There is a large slavery memorial installed in the front of University Hall at Brown University. A large ball and chain, slightly peeking out from the ground. Next to the memorial stands a small engraved podium, which reads:
This memorial recognizes Brown University’s connection to the trans-Atlantic slave trade and the work of Africans and African-Americans, enslaved and free, who helped build our university, Rhode Island, and the nation.
In 2003 Brown President Ruth J. Simmons initiated a study of this aspect of the university’s history. In the eighteenth century slavery permeated every aspect of social and economic life in Rhode Island. Rhode Islanders dominated the North American share of the African slave trade, launching over a thousand slaving voyages in the century before the abolition of the trade in 1808, and scores of illegal voyages thereafter.
Brown University was a beneficiary of this trade.
A couple weeks back, I was sitting in the grass, chatting with my senior graduate friends, when a white woman climbed up and stood on the Slavery Memorial. I frowned and immediately yelled out, “Hey, can you get off the slavery memorial?” She looked at me and quickly scurried down, embarrassed. Out of nowhere, a white man began yelling back at me.
Sigh. I should have known that there would be a white man involved in this debacle. Apparently, the white guy was the one who had told his girlfriend to climb onto the memorial to take a photo and felt challenged when I asked her to step down. There may have been threats to his masculinity involved, considering that I was a young flat-chested Asian kid with a button down and a high-pitched feminine voice. Probably. I never underestimate the fragility of masculinity.
I tried to keep it simple. It’s a matter of respect, I said. I told him to read the engraving. It’s a slave memorial, for goodness sake. Then he replied with the most arrogant, entitled argument I had ever heard:
“I read the sign. It doesn’t say I can’t step on it. There’s no fence around it.”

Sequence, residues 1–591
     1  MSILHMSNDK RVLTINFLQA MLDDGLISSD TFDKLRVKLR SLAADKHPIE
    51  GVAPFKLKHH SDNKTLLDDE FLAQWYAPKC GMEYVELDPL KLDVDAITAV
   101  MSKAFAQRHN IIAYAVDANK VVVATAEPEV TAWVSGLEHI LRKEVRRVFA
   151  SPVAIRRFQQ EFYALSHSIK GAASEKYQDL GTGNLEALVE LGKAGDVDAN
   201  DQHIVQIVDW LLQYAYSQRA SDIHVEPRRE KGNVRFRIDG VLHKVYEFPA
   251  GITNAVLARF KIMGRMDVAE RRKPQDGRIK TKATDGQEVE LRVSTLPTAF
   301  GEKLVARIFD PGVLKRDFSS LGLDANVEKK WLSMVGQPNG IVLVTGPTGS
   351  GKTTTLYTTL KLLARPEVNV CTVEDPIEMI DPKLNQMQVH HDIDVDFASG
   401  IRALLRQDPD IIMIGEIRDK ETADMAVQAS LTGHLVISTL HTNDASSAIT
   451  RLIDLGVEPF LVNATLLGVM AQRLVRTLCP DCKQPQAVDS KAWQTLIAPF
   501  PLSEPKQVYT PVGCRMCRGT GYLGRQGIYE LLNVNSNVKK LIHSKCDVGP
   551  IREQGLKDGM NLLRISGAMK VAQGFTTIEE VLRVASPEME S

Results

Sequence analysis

I stopped to really understand what he was saying. Climbing on top of the slave memorial was but a small fragment of the violence that his entitlement seemed capable of. Everything is mine until proven otherwise. The memorial was his to do what he wanted until there was a fence. The space is theirs until someone explicitly tells them to step back. The bodies of feminine folks are his until other cis men step in lay down their claims. The land is by default theirs until they don’t want it (ex: white flight), and when when they want it again, they’re free to take it back (ex: gentrification). Entitlement is the basis of colonialism, sexual violence, street harassment, and plundering of natural resources. At the same time, history has shown us that being marked as “not his” or undesirable by white men also has its share of violent ramifications: incarceration, police killings, forced sterilization, disowned neighborhoods with very little resources or investment. It’s a lose-lose game.
There was a couple more heated lines exchanged. Eventually the girl pulled the guy back. He pretended to “let it pass” and left with his masculinity intact. None of the friends I had been sitting with had said anything throughout the entire encounter. Only after the guy walked away did they note their surprise in me speaking out and begin adding on all the things that I should have done. “You should have taken a picture.” “Yeah, you should’ve posted it online.” I just sat silently, reflecting on how the white man and his unwavering claim to the steel art piece in a way made the slavery memorial more complete. What is slavery and capitalist exploitation of Black people, if not the manifestation of white masculinity and entitlement.
More on the critiques of the slavery memorial: http://bluestockingsmag.com/2014/10/10/minimizing-memory-critiquing-browns-slavery-memorial/